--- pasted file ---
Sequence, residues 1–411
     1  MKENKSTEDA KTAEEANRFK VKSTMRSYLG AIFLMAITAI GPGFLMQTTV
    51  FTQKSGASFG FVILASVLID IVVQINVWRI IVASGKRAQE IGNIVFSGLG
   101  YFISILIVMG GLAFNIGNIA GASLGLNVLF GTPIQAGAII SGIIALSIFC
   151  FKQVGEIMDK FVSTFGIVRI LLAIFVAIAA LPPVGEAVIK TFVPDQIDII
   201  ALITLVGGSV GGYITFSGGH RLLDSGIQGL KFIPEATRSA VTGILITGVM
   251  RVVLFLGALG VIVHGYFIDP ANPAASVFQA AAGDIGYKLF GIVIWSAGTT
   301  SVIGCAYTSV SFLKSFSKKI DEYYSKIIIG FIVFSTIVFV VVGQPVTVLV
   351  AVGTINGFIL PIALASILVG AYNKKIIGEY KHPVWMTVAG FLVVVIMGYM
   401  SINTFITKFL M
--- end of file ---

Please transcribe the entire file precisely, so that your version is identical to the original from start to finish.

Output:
Sequence, residues 1–411
     1  MKENKSTEDA KTAEEANRFK VKSTMRSYLG AIFLMAITAI GPGFLMQTTV
    51  FTQKSGASFG FVILASVLID IVVQINVWRI IVASGKRAQE IGNIVFSGLG
   101  YFISILIVMG GLAFNIGNIA GASLGLNVLF GTPIQAGAII SGIIALSIFC
   151  FKQVGEIMDK FVSTFGIVRI LLAIFVAIAA LPPVGEAVIK TFVPDQIDII
   201  ALITLVGGSV GGYITFSGGH RLLDSGIQGL KFIPEATRSA VTGILITGVM
   251  RVVLFLGALG VIVHGYFIDP ANPAASVFQA AAGDIGYKLF GIVIWSAGTT
   301  SVIGCAYTSV SFLKSFSKKI DEYYSKIIIG FIVFSTIVFV VVGQPVTVLV
   351  AVGTINGFIL PIALASILVG AYNKKIIGEY KHPVWMTVAG FLVVVIMGYM
   401  SINTFITKFL M